IT'S been a strange and subdued election campaign due to coronavirus with the political battles mostly fought in newspapers and on TV and social media. There have been no public hustings, no rallies. There have been no canvassers on the doorstep, which at least meant we could enjoy our dinner in peace without being interrupted by some shiny-faced obsessive, although it has drained the campaigns of some of their energy.

And the annoucements of the results will be affected by the pandemic, too. Although voting will go ahead as normal next Thursday, Covid social distancing restrictions mean the counting of ballots will be delayed. In normal circumstances, the count would start almost immediately once the polls have closed, but this time they won’t start until the next day and will run across Friday and Saturday.

Normally, at The Herald, we work until 4am or 5am on election night, putting the most up to date results in our later editions. It's a long and draining day for everyone: our reporters and photographers at the count, and our production and online desks in the office. Sometimes tempers do get frayed but the Editor always stands his hand for a delivery of pizzas, which soothes fevered brows somewhat.

This year will be different. For a start, we wouldn't be in an office. All staff, with the exception of our hard-working printers at Cambuslang, have been working from home wherever possible for the last year and a bit.

Of course our reporters, political specialists and photographers will be out and about capturing events as they unfold but the production of the paper and website will be done in living rooms and dining rooms across the country. We will miss the shared experience of watching momentous events unfold. The elections that brought Tony Blair to power in 1997 and the SNP landslide of 2015, which saw them win 56 out of 59 Scottish seats, will long live in the minds of those who witnessed them.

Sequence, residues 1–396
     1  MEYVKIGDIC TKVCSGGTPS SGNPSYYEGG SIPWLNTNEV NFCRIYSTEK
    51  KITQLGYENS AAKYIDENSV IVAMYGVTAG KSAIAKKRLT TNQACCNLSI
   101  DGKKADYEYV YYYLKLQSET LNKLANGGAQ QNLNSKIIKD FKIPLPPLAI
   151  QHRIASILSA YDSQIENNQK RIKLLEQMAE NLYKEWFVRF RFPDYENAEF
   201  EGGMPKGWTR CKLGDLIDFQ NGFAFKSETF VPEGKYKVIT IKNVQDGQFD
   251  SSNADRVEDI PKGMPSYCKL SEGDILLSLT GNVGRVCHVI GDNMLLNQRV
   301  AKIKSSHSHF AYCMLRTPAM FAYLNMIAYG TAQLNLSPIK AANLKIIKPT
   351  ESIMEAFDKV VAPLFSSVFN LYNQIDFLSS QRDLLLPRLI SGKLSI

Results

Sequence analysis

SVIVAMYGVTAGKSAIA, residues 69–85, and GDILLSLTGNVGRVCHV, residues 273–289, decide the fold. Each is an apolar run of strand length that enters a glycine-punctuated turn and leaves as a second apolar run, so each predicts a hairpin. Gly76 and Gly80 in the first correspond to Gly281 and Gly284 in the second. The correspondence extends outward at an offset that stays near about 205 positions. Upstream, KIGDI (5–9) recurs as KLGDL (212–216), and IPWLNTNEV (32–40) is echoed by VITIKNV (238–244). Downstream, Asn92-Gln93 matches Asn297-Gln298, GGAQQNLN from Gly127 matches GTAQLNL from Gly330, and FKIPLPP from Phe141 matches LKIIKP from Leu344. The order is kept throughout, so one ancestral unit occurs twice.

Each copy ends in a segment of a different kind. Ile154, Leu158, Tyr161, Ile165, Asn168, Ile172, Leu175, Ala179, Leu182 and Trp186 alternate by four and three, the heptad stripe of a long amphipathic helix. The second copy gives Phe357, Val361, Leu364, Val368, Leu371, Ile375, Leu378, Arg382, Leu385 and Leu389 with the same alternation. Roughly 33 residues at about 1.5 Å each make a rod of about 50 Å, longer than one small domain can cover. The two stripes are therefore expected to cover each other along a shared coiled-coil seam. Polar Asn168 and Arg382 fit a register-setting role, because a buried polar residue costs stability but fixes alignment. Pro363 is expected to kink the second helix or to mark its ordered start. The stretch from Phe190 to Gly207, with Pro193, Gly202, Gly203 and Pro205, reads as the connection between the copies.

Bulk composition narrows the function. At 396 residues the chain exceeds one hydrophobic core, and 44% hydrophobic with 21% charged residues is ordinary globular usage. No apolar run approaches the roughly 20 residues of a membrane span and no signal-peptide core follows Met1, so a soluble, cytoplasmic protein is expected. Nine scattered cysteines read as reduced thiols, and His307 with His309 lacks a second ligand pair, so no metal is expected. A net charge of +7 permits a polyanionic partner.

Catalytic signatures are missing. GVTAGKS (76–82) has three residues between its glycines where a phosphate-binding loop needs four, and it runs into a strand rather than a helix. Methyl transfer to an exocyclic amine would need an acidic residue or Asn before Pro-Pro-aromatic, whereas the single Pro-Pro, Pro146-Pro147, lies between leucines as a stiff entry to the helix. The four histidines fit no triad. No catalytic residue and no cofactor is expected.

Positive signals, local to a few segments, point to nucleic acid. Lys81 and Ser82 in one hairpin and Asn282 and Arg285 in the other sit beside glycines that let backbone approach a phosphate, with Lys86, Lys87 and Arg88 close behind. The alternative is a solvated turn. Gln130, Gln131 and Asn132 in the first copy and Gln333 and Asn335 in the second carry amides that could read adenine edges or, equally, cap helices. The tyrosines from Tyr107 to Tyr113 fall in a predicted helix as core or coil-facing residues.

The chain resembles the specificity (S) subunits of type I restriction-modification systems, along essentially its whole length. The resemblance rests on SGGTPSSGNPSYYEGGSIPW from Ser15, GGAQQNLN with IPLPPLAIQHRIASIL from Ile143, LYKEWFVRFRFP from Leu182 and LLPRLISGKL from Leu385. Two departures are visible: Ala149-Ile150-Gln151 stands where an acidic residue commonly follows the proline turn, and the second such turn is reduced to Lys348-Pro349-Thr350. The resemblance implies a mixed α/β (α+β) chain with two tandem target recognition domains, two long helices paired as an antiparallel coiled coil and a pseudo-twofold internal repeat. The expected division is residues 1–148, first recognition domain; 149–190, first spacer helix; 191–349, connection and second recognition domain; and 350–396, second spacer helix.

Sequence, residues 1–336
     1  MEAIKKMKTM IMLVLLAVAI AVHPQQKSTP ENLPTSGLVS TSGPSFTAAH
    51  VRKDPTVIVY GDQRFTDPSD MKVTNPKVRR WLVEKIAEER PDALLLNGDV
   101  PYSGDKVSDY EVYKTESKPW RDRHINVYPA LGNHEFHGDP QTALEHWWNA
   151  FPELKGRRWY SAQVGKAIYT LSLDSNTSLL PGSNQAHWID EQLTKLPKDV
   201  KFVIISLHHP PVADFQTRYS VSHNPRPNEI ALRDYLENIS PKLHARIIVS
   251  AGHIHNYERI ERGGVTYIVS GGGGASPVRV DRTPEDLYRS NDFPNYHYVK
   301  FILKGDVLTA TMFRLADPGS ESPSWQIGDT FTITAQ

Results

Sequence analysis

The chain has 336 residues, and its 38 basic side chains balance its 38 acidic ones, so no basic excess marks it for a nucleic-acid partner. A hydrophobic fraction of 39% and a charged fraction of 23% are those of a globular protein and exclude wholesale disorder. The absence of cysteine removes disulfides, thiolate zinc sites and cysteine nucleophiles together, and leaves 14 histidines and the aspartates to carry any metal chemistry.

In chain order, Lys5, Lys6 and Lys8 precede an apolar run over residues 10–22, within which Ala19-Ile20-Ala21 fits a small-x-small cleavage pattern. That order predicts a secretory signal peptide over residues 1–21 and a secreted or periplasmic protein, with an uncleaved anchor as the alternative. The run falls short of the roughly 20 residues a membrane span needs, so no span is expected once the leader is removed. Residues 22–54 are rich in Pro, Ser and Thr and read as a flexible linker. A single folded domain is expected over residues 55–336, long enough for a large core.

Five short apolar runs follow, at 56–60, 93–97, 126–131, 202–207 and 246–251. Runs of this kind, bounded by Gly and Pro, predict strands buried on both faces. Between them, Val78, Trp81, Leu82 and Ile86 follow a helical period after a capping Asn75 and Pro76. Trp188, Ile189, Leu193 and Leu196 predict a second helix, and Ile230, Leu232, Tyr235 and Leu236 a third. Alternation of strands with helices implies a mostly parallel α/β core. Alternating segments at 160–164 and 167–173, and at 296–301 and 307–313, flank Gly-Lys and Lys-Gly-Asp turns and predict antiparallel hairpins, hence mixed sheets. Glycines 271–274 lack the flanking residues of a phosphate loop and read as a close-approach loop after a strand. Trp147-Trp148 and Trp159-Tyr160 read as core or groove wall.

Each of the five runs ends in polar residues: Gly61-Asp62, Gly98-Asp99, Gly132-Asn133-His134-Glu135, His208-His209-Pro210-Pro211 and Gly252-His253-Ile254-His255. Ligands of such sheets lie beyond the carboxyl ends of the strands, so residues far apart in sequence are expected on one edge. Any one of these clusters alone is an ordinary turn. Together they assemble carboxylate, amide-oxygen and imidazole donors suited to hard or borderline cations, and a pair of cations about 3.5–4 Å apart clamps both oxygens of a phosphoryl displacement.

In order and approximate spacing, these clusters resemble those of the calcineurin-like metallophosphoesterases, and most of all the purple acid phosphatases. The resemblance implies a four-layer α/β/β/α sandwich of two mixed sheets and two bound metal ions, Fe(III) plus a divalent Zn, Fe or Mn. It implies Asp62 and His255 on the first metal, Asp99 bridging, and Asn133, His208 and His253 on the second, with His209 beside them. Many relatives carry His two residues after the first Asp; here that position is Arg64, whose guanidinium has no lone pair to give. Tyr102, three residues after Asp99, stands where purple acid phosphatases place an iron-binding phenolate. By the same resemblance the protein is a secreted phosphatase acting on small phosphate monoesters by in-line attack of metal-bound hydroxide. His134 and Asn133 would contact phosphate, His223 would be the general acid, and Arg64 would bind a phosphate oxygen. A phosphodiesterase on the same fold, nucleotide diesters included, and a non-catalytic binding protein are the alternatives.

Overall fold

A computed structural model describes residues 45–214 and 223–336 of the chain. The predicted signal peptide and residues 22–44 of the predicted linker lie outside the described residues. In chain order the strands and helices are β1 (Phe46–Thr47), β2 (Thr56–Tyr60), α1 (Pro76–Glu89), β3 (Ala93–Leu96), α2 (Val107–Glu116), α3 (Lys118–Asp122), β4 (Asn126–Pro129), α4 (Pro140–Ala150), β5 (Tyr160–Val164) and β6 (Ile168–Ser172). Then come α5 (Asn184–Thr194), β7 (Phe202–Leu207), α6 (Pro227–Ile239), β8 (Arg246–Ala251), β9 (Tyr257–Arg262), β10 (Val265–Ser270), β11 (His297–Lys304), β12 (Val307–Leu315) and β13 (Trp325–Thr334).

We expect to receive a third of the results on Friday, with the rest, particularly the more rural and Highland constituencies, declaring on Saturday. Our website has a very useful searchable map which will tell you when your seat is expected to declare.

Many of the seats due to be counted on the Saturday are marginals which could prove crucial to the final balance of parties in the parliament. They include Tory-held Dumfriesshire, Aberdeenshire West, and Galloway & West Dumfries, where the SNP are challenging, and SNP-held Caithness, Sutherland and Ross, which is the top target seat for the Liberal Democrats.

One thing that will be the same this year is that The Herald will remain the place to go for comprehensive results and analysis from our unrivalled political team. Our Saturday and Sunday issues will be packed with expert analysis and results while will be first with breaking news. We won't just tell you who won which seat, we'll explain what that means for Scotland's political future.

No one knows what the big story of the election will be yet and, while it's been a flat campaign, the results will affect the future of Scotland for a very long time.

Now, where did we put that polling card?